By Reid Wilson - 08/12/09 09:46 AM EDT
Former Massachusetts Gov. Mitt Romney leads the Republican presidential field in the home of the nation’s first primary, according to a new poll.
Former House Speaker Newt Gingrich pulled 13 percent of the vote, and Minnesota Gov. Tim Pawlenty, who has set himself up as Romney's main opponent so far, won just 3 percent.
Romney's early lead comes a year and a half after the one-time governor of the neighboring Bay State finished second in the New Hampshire GOP presidential primary, taking 32 percent of the vote to Sen. John McCainJohn McCainOvernight Finance: Puerto Rico bill clears panel | IRS chief vows to finish term | Bill would require nominees to release tax returns Overnight Defense: Pentagon chief fears sequestration's return Groups urge Senate to oppose defense language on for-profit colleges MORE's (Ariz.) 37 percent.
The survey, conducted Aug. 10-11 among 403 Republicans who said they were likely to vote in the 2012 primary, was taken for Now Hampshire, a conservative Granite State news site, by Virginia-based Populus Research.
Romney has positioned himself for a 2012 White House run, though he and his advisers insist he has no plans for another presidential campaign.
Romney will publish No Apology: The Case for American Greatness in March, which is intended to contrast his views with President Barack ObamaBarack ObamaSanders takes different position on superdelegates than he did in 2008 Ryan seeks to put stamp on GOP in Trump era Stoddard: Clouds loom for Clinton MORE, whom Romney criticized for apologizing to foreign countries for America's actions.
Romney’s political action committee also pulled in $1.6 million in the first six months of the year, enough to begin handing out money to local officials who would play a role in Romney's race if he decides to run.
He’s also made a point of hammering the president's national security stances, along with the economic stimulus package that he told The Hill in an April interview should have been targeted more at tax breaks than new spending.
Instead of the outsider role he played in the 2008 GOP primary, Romney is set in 2012 to serve as a possible establishment candidate. He led the pack in a Gallup Poll released in mid-July that showed him winning 26 percent of the vote compared with 21 percent for Palin, 19 percent for Huckabee and 14 percent for Gingrich. Just 3 percent wanted to see Pawlenty get the nomination, and 2 percent chose Mississippi Gov. Haley Barbour.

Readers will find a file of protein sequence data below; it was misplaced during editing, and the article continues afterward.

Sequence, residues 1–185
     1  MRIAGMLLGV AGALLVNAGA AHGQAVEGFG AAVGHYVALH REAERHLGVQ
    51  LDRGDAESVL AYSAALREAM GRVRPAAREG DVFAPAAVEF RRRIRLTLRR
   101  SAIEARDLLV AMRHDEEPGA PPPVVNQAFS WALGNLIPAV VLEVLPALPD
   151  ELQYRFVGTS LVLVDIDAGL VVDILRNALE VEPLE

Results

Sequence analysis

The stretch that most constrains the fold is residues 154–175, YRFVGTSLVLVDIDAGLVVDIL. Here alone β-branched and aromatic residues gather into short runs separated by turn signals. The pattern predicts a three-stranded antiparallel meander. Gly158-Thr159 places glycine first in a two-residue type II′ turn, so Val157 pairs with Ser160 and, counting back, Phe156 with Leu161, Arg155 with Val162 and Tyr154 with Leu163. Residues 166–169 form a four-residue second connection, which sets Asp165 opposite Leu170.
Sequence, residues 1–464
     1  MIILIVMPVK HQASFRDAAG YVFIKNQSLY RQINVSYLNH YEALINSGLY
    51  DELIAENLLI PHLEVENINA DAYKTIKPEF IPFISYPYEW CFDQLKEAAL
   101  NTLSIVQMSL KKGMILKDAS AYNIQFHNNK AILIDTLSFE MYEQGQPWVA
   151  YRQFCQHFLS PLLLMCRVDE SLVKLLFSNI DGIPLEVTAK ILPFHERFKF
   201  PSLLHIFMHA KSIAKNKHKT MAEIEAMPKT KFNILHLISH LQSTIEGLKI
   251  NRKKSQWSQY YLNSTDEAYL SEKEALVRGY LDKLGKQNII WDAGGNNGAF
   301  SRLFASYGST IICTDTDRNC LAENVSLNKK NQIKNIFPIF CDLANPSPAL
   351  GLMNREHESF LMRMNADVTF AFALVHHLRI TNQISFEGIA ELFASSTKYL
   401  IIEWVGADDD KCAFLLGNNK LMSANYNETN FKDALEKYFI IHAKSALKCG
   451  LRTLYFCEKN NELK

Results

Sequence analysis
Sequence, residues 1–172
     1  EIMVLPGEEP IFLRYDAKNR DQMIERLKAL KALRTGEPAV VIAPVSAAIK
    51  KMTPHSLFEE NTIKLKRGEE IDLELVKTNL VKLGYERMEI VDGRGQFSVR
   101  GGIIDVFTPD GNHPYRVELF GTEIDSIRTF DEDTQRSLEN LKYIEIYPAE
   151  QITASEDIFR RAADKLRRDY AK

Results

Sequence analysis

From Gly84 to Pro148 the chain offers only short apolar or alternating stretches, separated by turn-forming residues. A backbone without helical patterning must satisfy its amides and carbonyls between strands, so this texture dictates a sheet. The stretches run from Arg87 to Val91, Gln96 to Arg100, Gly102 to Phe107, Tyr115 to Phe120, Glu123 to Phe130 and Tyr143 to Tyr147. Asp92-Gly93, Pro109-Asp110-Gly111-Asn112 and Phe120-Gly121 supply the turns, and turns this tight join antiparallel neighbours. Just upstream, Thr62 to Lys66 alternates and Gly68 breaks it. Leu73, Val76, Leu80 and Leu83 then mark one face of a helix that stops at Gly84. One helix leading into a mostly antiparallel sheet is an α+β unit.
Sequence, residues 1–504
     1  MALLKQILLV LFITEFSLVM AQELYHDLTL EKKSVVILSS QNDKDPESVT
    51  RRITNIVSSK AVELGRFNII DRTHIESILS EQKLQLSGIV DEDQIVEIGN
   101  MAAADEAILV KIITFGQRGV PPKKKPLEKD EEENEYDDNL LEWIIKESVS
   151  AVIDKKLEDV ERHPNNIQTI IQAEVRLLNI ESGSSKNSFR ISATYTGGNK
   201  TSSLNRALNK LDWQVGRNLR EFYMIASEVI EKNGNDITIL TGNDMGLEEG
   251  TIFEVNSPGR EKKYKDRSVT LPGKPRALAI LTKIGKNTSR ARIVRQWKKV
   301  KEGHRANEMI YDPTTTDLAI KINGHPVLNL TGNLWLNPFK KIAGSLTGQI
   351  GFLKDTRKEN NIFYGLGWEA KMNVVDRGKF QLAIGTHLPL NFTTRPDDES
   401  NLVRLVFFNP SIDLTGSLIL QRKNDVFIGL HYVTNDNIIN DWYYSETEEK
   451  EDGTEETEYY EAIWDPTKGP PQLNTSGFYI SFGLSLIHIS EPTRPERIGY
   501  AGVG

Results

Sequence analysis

In a July interview with The Hill, Pawlenty denied taking shots at Romney, but maintained the Minnesota plan was better at containing costs than Romney's Commonwealth Care.
“It didn't contain costs, and I don't think that’s really debatable; it's pretty obvious that happened,” Pawlenty said of the Massachusetts plan. But, he said of his criticisms: “It wasn't meant to be a shot at Gov. Romney. It's just that as the country looks for options, particularly as it relates to containing costs, that's not one we should follow.”
Other possible challengers to Romney have faced problems. South Carolina Gov. Mark Sanford was considered a leading contender until he admitted an affair with a woman in Argentina. A week earlier, Sen. John Ensign (Nev.), another possible contender, admitted his own affair with a campaign staffer and family friend.
Pawlenty stepped up his criticism of Obama after Sanford and Ensign collapsed.
Palin continues to win the lion's share of the media attention, but she has not been able to translate that coverage into support. In a Fox News poll taken in late July, 32 percent of respondents — including 18 percent of Republicans — said the best job for Palin would be as a homemaker, while a combined 20 percent said either president or vice president.
Palin has also been criticized for her abrupt decision to resign from office with a year and a half left on her term.
Gingrich has kept up his high-profile attacks on Obama and has emerged as a leading voice against Democratic plans for healthcare reform. Meanwhile, Huckabee has used his talk show on Fox News to keep up his own attacks.
This story was updated at 10:15 a.m.